From “How the War on Video Games is Hurting Your Son“.

Parents who may have played video games a bit when they were younger but have now stopped, when they see their sons and daughters sitting in front of a TV and playing games, they often think that the kids are essentially watching TV. That it’s just a waste of time.

But really,  video games are so much more in children’s lives. They play with each other in games; in fact, kids more often  play socially than alone. But beyond that, even when the games are off, they serve as a common language. When kids are out in the schoolyards talking about building levels in Minecraft, it’s similar to watching a baseball game and then talking to your friends about your favorite players and so forth.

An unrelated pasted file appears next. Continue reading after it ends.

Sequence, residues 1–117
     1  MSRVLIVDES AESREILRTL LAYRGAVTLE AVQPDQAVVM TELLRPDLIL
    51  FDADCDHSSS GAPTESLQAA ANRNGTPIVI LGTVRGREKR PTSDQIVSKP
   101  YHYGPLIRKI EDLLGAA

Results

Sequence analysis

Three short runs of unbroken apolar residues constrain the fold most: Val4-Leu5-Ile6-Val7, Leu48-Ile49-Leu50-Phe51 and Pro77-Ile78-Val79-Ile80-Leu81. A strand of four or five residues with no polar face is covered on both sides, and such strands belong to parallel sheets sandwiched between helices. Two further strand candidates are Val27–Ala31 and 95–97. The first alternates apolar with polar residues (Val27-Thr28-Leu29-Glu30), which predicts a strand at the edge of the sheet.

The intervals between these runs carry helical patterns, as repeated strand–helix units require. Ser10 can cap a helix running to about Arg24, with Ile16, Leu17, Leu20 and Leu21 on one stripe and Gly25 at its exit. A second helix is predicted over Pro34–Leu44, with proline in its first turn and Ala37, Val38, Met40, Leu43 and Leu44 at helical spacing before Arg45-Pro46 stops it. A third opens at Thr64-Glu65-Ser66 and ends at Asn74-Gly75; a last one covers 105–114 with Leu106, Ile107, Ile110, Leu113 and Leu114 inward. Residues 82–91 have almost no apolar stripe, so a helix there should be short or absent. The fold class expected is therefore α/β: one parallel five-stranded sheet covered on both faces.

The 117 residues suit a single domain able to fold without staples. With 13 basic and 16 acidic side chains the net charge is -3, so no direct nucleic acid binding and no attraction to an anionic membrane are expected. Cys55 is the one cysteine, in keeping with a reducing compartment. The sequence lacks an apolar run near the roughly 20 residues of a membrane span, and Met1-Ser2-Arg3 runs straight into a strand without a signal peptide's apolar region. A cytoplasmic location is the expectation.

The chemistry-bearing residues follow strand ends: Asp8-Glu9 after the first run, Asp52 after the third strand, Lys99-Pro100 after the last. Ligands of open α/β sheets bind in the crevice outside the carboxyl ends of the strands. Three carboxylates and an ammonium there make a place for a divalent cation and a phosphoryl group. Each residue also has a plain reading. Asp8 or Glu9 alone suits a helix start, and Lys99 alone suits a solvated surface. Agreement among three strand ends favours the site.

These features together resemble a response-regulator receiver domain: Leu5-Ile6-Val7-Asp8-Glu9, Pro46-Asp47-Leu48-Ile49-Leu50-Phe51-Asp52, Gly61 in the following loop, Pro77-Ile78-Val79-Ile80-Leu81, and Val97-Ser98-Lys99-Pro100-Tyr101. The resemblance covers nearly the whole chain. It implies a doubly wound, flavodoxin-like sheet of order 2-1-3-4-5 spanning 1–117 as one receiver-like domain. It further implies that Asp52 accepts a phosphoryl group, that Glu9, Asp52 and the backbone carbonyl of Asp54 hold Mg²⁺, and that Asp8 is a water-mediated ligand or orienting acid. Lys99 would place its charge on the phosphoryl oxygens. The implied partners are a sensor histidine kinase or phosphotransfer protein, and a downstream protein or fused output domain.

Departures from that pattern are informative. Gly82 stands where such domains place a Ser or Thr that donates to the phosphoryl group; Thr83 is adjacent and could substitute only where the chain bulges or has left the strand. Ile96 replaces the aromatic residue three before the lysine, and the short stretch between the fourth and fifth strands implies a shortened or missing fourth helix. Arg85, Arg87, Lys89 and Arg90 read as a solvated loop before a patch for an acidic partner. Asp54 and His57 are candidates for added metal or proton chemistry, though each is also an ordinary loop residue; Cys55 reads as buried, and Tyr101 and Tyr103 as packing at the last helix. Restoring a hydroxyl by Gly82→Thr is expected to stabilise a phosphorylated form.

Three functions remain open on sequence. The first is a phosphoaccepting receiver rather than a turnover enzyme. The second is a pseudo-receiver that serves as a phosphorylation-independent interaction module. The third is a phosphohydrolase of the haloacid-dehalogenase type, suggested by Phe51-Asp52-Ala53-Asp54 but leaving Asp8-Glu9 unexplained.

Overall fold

Elsewhere, we see articles pointing out that the plethora of entertainment options means that people have fewer common cultural touchstones outside of megahits like *Game of Thrones* (blech). It hadn’t occurred to me before to consider how the relatively small number of games that involve live play with others, and the fact that there are a number of broadly-known popular games in that category, replace the “things everyone can talk about around the water cooler” function that TV shows did as common touchstones.